That top line did still generate, with Mika Zibanejad putting up 11 points in seven games, including three in Game 7—one of which was the game-tying goal that forced overtime.
But the key for the Rangers is special teams. The five-on-five woes that plagued the team throughout the season returned in the playoffs, and the six power-play goals and two shorthanded goals proved to be crucial.
However, Carolina had the best penalty kill in the NHL during the regular season. The Penguins had the third-best and the Rangers still managed to crack it, but this is a deeper, stronger team than Pittsburgh.
The Hurricanes are a high shot-volume team at five-on-five, and the Rangers were bleeding chances in the defensive zone throughout the last series. During Game 7 in particular, they left Jake Guentzel by himself on the doorstep twice. He converted once to score his eighth goal of the series.
The Hurricanes shoot often and early to create screens, tips and rebounds, and they forecheck hard.
Goaltending will be an important storyline. Shesterkin looked out of sorts throughout much of the series against Pittsburgh, and he was replaced by Alexandar Georgiev in Game 3. The Hurricanes are still without Frederik Andersen and using veteran backup Antti Raanta.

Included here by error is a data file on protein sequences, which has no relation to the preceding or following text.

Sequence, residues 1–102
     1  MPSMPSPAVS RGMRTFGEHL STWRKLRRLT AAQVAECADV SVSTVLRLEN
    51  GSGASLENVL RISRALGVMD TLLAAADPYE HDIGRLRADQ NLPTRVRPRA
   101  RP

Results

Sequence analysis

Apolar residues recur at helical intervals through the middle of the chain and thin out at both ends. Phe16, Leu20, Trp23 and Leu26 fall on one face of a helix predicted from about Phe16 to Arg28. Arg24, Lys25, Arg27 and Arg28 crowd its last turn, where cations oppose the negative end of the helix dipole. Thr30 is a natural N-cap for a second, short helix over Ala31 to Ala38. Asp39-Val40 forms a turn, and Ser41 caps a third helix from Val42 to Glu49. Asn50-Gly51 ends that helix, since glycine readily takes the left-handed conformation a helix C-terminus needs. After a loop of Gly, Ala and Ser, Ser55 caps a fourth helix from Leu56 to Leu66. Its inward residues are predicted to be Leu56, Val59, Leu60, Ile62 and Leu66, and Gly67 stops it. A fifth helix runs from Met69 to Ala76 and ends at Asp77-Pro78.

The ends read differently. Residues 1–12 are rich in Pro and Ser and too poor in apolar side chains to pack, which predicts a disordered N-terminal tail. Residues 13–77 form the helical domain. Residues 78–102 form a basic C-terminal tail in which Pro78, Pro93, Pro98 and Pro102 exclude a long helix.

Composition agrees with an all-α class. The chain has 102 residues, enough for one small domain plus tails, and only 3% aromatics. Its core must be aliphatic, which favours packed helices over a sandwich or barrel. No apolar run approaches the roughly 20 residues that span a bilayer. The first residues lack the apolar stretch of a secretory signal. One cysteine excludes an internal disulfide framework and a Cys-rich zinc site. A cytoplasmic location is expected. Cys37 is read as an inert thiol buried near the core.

Plus, Carolina is littered with ex-Blueshirts. Brady Skjei, Jesper Fast, Tony DeAngelo and Raanta have all been great additions to the Canes.
Prediction: Hurricanes in six
- Abbey Mastracco
Western Conference: St. Louis Blues vs. Colorado Avalanche
This series between the Colorado Avalanche and St. Louis Blues features one team with Stanley Cup aspirations against another that knows what it takes to win it all. It's the second straight year the two have faced off in playoff competition, with the Avs sweeping the Blues from the first round of the 2021 playoffs.
The Avalanche dominated the Western Conference with 119 points this season. Loaded with talented forwards such as Nathan MacKinnon, Mikko Rantanen and Nazem Kadri as well as superstar defenseman Cale Makar, they're determined to finally play up to expectations as serious Cup contenders.
Stanley Cup champions in 2019, the Blues are powered by veterans such as Vladimir Tarasenko, David Perron and Ryan O'Reilly as well as rising stars Jordan Kyrou and Robert Thomas. They finished 10 points behind Colorado in the standings, but their 3.77 goals-per-game average was a smidgen ahead of the Avs' 3.76.